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AHMEDABAD: An uncanny resemblance has emerged in the campaigning styles of Congress vice-president Rahul Gandhi and Prime Minister Narendra Modi.
After four three-day whistle-stop tours of North, South, and Central Gujarat — besides Saurashtra —
Gandhi scion has tried to beat Modi+
at his own game. In Surat, while addressing the business community, Gandhi acknowledged Modi’s superior oratorical skills by saying, with a touch of sarcasm, ”
Mujhe Modiji jaise bhashan dena nahi aata. Usme thode saal aur lagenge
” (I can’t give speeches like Modiji, it will take a few more years).
But Gandhi appears to have already picked public speaking essentials from Modi. Besides adopting Modi’s style of engaging with audiences during his speeches by asking questions and evoking a roar in response, Gandhi has also followed the temple trail which Modi often did as the Gujarat chief minister. Just last week, within days of Modi’s visit to Akshardham in Gandhinagar, Gandhi went to the Swaminarayan temple. In fact Gandhi has visited a dozen-odd temples during his month-long campaign in Gujarat ahead of the assembly polls in December.
Professor Dheeraj Sharma, the director of the Indian Institute of Management, Rohtak — who as an Indian Institute of Management Ahmedabad, professor coauthored a book titled ‘Swinging the Mandate’ on poll campaigns of Modi and AAP — believes that Gandhi is trying to adopt tools that Modi has used for long during poll campaigns. “Through various tools such as engaging with people in speeches, appearing in people’s selfies, or distributing masks to crowds, Gandhi is trying to project that he is one with the common people,” he said. “That’s something Modi did in previous campaigns.”
While Modi was the first to use masks in 2007 assembly elections, the Congress is trying to popularize RaGa masks a decade later in the Gujarat polls. During the Congress’ recent Gujarat ‘Navsarjan Yatra’, Gandhi masks were liberally distributed to supporters. During the 2014 general elections, Modi had popularized selfies. He was the first politician to use them to gain wider popularity. After coming out of a polling booth, he had taken a selfie while holding the BJP’s poll symbol, the lotus. That led to a police complaint, based on the order of the Election Commission.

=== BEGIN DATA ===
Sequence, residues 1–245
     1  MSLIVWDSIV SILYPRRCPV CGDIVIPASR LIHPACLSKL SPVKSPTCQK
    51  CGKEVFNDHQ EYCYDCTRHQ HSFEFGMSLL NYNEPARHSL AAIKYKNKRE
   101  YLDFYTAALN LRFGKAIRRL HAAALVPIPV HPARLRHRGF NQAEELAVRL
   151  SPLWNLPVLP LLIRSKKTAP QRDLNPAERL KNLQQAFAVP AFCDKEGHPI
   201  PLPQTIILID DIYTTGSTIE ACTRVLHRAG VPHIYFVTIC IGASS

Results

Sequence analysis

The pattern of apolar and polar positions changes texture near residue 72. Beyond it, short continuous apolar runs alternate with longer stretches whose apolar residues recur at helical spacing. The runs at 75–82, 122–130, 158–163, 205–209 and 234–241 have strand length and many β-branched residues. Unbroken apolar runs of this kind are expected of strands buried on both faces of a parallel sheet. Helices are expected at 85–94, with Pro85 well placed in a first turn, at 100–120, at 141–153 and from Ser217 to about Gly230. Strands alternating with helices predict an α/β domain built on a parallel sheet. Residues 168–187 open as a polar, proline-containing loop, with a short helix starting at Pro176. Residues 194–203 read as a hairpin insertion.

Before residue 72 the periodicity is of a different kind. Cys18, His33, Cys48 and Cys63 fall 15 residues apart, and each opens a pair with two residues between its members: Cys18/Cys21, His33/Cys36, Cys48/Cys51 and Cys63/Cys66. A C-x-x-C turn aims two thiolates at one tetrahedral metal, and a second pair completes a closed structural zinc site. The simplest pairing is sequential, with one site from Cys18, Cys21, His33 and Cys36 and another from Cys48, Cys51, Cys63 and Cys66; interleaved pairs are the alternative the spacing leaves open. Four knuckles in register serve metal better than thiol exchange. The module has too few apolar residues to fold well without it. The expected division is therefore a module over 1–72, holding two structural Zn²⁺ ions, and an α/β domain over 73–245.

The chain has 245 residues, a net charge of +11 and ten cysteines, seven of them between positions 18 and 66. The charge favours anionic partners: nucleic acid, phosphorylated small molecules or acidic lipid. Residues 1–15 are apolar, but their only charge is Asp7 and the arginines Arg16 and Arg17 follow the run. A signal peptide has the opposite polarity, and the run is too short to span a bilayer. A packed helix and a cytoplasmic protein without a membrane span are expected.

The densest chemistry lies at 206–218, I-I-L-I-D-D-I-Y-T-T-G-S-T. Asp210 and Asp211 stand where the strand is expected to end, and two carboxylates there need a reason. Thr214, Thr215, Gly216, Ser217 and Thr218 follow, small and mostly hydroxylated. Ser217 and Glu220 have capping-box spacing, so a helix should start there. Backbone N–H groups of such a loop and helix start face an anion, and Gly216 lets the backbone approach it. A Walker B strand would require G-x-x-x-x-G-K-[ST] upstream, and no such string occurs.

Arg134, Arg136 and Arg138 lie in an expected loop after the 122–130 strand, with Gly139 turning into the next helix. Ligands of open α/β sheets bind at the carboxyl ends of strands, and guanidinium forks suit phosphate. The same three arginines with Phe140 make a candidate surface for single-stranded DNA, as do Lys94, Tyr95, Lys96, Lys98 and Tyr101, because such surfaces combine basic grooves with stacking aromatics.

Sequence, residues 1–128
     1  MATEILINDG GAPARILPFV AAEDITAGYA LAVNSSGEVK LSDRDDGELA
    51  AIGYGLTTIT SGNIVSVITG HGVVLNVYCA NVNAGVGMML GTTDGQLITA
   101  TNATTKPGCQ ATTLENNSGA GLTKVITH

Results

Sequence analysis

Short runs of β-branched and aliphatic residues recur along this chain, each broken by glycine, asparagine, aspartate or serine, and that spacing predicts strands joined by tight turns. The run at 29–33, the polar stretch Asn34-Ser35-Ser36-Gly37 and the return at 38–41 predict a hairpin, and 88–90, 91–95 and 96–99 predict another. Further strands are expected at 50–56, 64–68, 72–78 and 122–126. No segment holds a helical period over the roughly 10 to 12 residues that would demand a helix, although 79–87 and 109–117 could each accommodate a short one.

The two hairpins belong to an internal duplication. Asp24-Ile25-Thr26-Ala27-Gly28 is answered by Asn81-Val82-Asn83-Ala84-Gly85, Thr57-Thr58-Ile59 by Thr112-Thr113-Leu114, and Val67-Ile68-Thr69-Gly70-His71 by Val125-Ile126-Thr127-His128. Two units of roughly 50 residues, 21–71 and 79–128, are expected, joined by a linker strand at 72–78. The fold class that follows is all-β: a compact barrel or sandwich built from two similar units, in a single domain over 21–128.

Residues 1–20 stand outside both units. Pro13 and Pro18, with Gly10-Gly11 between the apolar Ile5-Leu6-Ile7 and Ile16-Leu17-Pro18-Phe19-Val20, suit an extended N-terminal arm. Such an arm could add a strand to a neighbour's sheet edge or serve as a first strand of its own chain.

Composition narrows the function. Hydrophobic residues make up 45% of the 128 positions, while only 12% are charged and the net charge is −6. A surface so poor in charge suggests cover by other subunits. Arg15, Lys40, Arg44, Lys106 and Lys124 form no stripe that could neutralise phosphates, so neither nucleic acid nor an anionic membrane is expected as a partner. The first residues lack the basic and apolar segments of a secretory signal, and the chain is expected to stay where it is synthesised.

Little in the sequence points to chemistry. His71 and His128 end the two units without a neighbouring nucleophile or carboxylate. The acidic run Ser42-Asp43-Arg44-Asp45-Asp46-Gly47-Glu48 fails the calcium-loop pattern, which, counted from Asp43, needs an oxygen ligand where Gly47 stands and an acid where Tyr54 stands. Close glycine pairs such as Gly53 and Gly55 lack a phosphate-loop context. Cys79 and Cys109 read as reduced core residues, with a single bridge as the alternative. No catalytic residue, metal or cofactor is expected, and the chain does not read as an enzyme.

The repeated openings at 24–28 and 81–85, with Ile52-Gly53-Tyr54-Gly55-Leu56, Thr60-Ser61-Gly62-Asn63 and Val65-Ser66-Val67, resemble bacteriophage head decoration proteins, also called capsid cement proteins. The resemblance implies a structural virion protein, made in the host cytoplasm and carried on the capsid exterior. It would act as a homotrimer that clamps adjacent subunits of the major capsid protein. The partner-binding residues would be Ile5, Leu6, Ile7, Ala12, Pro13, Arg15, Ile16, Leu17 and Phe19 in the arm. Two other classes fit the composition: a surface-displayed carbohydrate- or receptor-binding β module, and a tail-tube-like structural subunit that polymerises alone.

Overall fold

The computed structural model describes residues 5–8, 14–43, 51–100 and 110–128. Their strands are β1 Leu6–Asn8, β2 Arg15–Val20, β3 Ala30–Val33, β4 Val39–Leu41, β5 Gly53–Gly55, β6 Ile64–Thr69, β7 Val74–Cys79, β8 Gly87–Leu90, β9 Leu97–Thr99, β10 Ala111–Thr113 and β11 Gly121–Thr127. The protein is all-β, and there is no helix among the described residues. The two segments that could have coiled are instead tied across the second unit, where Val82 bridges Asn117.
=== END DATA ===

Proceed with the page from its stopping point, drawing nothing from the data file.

Gandhi, on his recent Gujarat trips, has been keen on allowing selfies to be taken with him. In Bharuch,
a selfie taken with a class X girl, Mantasha Seth+
, became the talk of the social media. The girl had been helped onto the roof of his van to have the picture taken. Gandhi, however, still lags far behind in posting photos on social media platforms.
Professor Sharma explains the selfie tactic of politicians, “By taking selfies, a political leader projects himself to be a part of the masses,” he said. With his much improved oratory, Gandhi has taken another leaf out of Modi’s book. A customary Modi speech begins with repeated chants of ‘Bharat mata ki jai’; he exhorts people to shout loud enough to be heard in Pakistan. Gandhi starts his speeches with “Gujarat me vikas ko kya hua?” and pretends he can’t hear anything till the crowds come up with the ear-splitting “pagal ho gaya” retort. A faculty member of marketing at IIM-A, professor Piyush Sinha, said that he does not see any blind imitation in Gandhi’s campaign. “Modi will always have the advantage of being the first mover,” he said. “Any strategy which is picked up by a leader first becomes unique.”